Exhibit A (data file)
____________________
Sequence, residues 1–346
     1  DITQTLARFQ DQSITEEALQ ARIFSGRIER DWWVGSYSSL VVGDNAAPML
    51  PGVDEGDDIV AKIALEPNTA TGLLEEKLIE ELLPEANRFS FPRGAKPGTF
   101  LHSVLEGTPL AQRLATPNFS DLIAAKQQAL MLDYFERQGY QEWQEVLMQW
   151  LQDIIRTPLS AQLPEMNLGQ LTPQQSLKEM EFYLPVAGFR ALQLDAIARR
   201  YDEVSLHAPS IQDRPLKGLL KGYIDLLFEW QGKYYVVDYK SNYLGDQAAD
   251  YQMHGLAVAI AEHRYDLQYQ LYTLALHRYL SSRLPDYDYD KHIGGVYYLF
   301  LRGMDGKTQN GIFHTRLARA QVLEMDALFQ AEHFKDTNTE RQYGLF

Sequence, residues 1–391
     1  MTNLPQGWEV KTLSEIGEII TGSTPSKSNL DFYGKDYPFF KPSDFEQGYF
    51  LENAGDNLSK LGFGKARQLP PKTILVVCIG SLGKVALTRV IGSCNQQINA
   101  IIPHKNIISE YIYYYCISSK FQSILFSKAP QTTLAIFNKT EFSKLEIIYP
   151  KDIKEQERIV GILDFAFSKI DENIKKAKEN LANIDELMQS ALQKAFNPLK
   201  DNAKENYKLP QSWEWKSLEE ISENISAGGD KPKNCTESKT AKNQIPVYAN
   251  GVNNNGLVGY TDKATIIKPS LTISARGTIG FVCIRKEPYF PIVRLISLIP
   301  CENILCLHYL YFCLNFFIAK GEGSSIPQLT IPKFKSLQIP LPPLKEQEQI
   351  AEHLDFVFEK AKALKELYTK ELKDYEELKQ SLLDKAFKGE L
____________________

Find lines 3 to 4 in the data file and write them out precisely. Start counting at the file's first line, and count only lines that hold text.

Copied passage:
    51  PGVDEGDDIV AKIALEPNTA TGLLEEKLIE ELLPEANRFS FPRGAKPGTF
   101  LHSVLEGTPL AQRLATPNFS DLIAAKQQAL MLDYFERQGY QEWQEVLMQW